Comparing Gut, Besser, and Am Besten

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Comparisons in German generally work in a way that is similar to English. An Austrian brewery advertises its Gösser beer brand with the slogan: "gut, besser, Gösser" ("good, better, Gösser"). The German edition of Reader's Digest is known as Das Beste (...aus Reader's Digest).

Comparison Adjectives and Adverbs in German

To form the comparative for most adjectives or adverbs in German you simply add -er, as inneu/neuer (new/newer) or klein/kleiner (small/smaller). For the superlative, English uses the -est ending, the same as in German except that German often drops the e and usually adds an adjective ending: (der) neueste (the newest) or (das) kleinste (the smallest).

Unlike English, however, German never uses "more" (mehr) with another modifier to form the comparative. In English something may be "more beautiful" or someone could be "more intelligent." But in German these are both expressed with the -er ending: schöner and intelligenter.

So far, so good. But unfortunately German also has some irregular comparisons, just as English does. Sometimes these irregular forms are quite similar to those in English. Compare, for instance, the English good/better/best with the German gut/besser/am besten. On the other hand, high/higher/highest is hoch/höher/am höchsten in German. There are only a few of these irregular forms, and they are easy to learn, as you can see below.

Irregular Adjective/Adverb Comparison

bald (soon) eher (sooner) am ehesten (soonest)
gern (gladly) lieber (more gladly) am liebsten (most gladly)
groß (big) größer (bigger) am größten (biggest)
der/die/das größte
gut (good) besser (better) am besten (best)
der/die/das beste
hoch (high) höher (higher) am höchsten (highest)
der/die/das höchste
nah (near) näher (nearer) am nächsten (nearest)
der/die/das nächste
viel (much) mehr (more) am meisten (most)
die meisten

There is one more irregularity that affects both the comparative and superlative of many German adjectives and adverbs: the added umlaut ( ¨ ) over ao, or u in most one-syllable adjectives/adverbs.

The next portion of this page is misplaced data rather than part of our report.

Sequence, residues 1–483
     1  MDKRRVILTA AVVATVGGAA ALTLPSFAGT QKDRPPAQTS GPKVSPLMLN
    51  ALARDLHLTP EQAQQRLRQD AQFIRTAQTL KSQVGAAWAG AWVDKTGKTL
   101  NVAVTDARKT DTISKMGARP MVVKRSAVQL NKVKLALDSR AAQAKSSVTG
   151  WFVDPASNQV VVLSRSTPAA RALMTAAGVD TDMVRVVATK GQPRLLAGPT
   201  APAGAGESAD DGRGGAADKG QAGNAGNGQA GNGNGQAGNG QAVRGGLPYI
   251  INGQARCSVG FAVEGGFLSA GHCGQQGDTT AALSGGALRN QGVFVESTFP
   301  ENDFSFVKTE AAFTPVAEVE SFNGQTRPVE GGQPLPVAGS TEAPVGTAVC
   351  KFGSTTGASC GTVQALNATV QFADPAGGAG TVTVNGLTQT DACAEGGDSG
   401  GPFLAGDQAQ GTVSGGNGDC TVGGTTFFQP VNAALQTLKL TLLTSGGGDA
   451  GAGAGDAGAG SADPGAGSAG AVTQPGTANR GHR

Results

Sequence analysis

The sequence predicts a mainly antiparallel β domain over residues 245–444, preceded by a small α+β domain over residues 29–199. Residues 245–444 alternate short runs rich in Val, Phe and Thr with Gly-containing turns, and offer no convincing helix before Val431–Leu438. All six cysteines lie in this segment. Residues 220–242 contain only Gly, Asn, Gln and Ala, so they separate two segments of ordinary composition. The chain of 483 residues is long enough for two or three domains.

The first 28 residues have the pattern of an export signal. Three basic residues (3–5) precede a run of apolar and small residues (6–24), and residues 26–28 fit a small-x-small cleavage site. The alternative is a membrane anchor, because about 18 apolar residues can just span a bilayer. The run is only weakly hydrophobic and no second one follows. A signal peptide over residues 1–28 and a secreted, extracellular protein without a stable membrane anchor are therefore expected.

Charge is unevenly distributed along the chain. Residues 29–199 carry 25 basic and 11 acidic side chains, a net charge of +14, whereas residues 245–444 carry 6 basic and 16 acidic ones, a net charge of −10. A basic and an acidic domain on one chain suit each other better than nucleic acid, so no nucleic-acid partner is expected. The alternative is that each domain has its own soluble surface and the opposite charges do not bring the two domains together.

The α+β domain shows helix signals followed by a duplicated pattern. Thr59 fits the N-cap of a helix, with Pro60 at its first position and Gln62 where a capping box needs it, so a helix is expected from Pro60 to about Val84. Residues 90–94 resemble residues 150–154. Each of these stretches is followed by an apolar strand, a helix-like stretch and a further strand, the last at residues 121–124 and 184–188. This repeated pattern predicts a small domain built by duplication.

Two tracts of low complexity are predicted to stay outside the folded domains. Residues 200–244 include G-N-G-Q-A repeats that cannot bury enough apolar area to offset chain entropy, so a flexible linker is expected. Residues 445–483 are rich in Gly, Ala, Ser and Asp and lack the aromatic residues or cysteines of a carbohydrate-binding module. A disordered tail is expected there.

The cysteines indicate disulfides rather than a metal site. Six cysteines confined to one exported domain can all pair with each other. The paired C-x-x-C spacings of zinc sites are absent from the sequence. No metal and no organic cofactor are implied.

Below are some examples of this kind of comparison. Exceptions (do not add an umlaut) include bunt (colorful), falsch (wrong), froh (merry), klar (clear), laut (loud), and wahr(true).

Irregular Comparison Examples

dumm (dumb) dümmer (dumber) am dümmsten (dumbest)
der/die/das dümmste
kalt (cold) kälter (colder) am kältesten* (coldest)
der/die/das kälteste*
klug (smart) klüger (smarter) am klügsten (smartest)
der/die/das klügste
lang (long) länger (longer) am längsten (longest)
der/die/das längste
stark (strong) stärker (stronger) am stärksten (strongest)
der/die/das stärkste
warm (warm) wärmer (warmer) am wärmsten (warmest)
der/die/das wärmste

 *Note the "connecting" e in the superlative: kälteste. 

In order to use the comparative forms above and to express relative comparisons or equality/inequality ("as good as" or "not as tall as") in German, you also need to know the following phrases and formulations using alsso-wie, or je-desto:

  • mehr/größer/besser als = more/bigger/better than
  • (nicht) so viel/groß/gut wie = (not) as much/big/good as
  • je größer desto besser = the bigger/taller the better

Below are a few sample sentences to show how the positive, comparative, and superlative forms are used in German.

My sister is not as tall as I am. Meine Schwester ist nicht so groß wie ich.
His Audi is much more expensive than my VW. Sein Audi ist viel teurer als mein VW.
We prefer to travel by train. Wir fahren lieber mit der Bahn.
Karl is the oldest.
Karl is oldest.
Karl ist der Älteste.
Karl ist am ältesten.
The more people, the better. Je mehr Leute, desto besser.
He likes to play basketball, but most of all he likes to play soccer. Er spielt gern Basketball, aber am liebsten spielt er Fußball.
The ICE [train] travels/goes the fastest. Der ICE fährt am schnellsten.
Most people don't drive as fast as he does. Die meisten Leute fahren nicht so schnell wie er.

Note that if you make the frequent comparison "mistake" made by many English-speakers ("older than me" rather than "older than I"), it can lead to mistakes in German! Learning German helps your English grammar!.

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Your Citation
Flippo, Hyde. "Comparing Gut, Besser, and Am Besten." ThoughtCo, Feb. 16, 2021, Flippo, Hyde. (2021, February 16). Comparing Gut, Besser, and Am Besten. Retrieved from Flippo, Hyde. "Comparing Gut, Besser, and Am Besten." ThoughtCo. (accessed March 20, 2023).